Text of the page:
There’s a lot to be catching up on in the life of Making A Murderer’s Steven Avery if you’re not up to speed already, buddy, fear not.
Season one focused on various questions that surrounded the police investigation surrounding Teresa Halbach, and the eventual imprisonment and conviction of Steven Avery and his nephew Brendan Dassey for committing the crime. The show became a cultural phenomena forcing the case to be reopened and reexamined after various pieces of new evidence and sloppy police work were highlighted.
And thus, after quite the wait - the second season of Making A Murderer is arriving in all its Netflix glory on October 19, which - if you’ll be so kind to check you’re calendars - is quite soon. Rather than sitting through all ten hours of the first season - we’ve gathered together a quick explainer with all the juicy info you need to know before settling down to the next series.
Go on then, get your notepads out:
What happened at the end of Making A Murderer season 1?
So basically, Steven Avery ended up in jail for the murder of Teresa Halbach, although there was a huge number of dodgy developments in the case that led to him getting there. Planted evidence, unreliable confessions, untrustworthy witnesses and all manner of other nonsense were highlighted by the documentary. As such, a hefty chunk of viewers reckoned he was innocent and wrongly imprisoned (just like he’d been before - he was freed after 18 years in prison for a sexual assault he didn’t commit years earlier).
They also believe his nephew - Brendan Dassey - who is also in prison for Halbach’s murder, is similarly innocent due to a forced confession. It’s an absolute shitshow, essentially, the whole thing.
What has happened between the end of Making A Murderer season 1 and the making of season 2?
Well, quite a lot as it happened. Including new evidence, twitter and reddit sleuths and a whole host of social media posturing. But mainly, two very important things for Avery:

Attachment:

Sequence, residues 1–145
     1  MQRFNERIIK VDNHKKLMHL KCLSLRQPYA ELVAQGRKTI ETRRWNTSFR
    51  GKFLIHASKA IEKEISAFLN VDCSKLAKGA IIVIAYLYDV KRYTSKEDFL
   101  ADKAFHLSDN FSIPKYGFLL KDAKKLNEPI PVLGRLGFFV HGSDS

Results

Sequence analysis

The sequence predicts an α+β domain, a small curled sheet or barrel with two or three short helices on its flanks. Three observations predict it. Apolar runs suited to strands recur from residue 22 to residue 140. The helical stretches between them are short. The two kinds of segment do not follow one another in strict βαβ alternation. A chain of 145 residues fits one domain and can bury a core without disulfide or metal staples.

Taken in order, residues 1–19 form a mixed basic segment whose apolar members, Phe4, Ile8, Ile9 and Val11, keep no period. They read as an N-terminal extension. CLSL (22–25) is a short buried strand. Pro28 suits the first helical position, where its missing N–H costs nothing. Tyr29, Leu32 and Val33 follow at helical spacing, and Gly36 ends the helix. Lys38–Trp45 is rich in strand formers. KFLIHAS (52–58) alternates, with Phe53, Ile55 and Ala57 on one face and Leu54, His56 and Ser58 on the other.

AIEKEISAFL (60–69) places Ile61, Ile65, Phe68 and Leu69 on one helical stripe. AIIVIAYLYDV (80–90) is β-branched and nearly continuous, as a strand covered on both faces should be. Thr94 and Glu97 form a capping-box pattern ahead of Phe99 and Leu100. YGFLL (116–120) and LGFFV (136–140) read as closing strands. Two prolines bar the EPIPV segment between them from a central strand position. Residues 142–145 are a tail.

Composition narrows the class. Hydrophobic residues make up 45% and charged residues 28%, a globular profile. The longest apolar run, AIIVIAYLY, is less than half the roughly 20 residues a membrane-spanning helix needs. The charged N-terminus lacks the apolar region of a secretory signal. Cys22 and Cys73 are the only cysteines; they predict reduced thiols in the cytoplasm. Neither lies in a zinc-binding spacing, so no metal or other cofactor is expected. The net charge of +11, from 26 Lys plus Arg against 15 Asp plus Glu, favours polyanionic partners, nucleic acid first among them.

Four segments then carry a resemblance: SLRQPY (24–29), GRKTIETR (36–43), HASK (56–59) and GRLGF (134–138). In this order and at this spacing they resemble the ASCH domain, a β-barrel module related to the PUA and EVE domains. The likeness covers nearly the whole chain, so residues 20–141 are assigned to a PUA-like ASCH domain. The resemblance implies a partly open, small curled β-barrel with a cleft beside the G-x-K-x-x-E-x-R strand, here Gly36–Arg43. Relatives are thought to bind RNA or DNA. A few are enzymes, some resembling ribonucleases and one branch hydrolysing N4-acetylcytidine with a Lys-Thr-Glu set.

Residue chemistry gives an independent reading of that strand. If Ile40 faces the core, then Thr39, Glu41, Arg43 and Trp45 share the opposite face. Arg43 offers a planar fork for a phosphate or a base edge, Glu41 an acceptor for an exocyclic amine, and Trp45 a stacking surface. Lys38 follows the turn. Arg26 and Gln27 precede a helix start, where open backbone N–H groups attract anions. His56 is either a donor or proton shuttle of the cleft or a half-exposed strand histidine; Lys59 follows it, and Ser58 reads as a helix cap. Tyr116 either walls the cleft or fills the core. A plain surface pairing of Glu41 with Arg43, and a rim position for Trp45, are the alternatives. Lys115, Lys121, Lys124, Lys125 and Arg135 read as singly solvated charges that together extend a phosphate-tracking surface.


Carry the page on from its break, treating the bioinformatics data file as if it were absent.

District Attorney Ken Kratz was forced to resign
The “villain” of the doc, prosecutor Kratz, was found to have sent 30 “sexually coercive” texts to the 26-year-old victim of a domestic abuse case that he was working on. Two other women came forward with allegations and he was sacked. He is, it would seem, every bit as awful as we all suspected.
Steven Avery’s hired a new, big-time attorney
This is slightly sad really, it looks like the heroes of the first series, Dean Strang and Jerry Buting, will not be in the second season of Making A Murder, as Avery is now looked after by wrongful-conviction specialist Kathleen Zellner. She’s already filed a number of appeals on behalf of Avery, with the latest potential new trial being rejected back in late 2017. She’s got a pretty impressive track-record with getting innocent people out of jail though, so hopes are higher than they should be for Avery.
What happened to Brendan Dassey?
What happened to Brendan Dassey?
Brendan Dassey is the nephew of Stephen Avery and alleged collaborator in the murder of Teresa Halbach and has every bit as much at stake as Avery here. As such, there’s also been numerous development in his case too. Namely…
Brendan Dassey’s confession was found to be coerced
In August 2016, United States magistrate judge William E. Duffin ruled that Dassey’s confession was obtained using improper methods, and as such, a US appeals court agreed to reconsider the decision, fighting to get Dassey exonerated. They won, but he still remains in prison due to an appeal from the Wisconsin Justice Department, leaving him with an unknown release date (if there ever will be one).
Kathleen Zellner reckons the real culprit could have been one of Avery’s family members, but not Dassey
Zellner told Rolling Stone: “I ask myself what would motivate [Barbara] and Bobby to be such obstructionists and I have reached the inevitable conclusion, as our court filings state, that they were involved in the crime and Barb, was and is involved, even unwittingly, in its cover-up”.
So what’s is Making A Murder season 2 going to be about?
Filmmakers Laura Ricciardi and Moira Demos said in a statement:
“Steven and Brendan, their families and their legal and investigative teams have once again graciously granted us access, giving us a window into the complex web of American criminal justice.
“Building on Part 1, which documented the experience of the accused, in Part 2, we have chronicled the experience of the convicted and imprisoned, two men each serving life sentences for crimes they maintain they did not commit. We are thrilled to be able to share this new phase of the journey with viewers.”
There’s obviously also going to be a heck of a lot of new info that hasn’t been in the press yet, due to the private access the filmmakers have had, so here’s looking forward to October 19, when it finally airs after three whole years and we get to see what everyone’s been up to. Excitement doesn’t do it justice.
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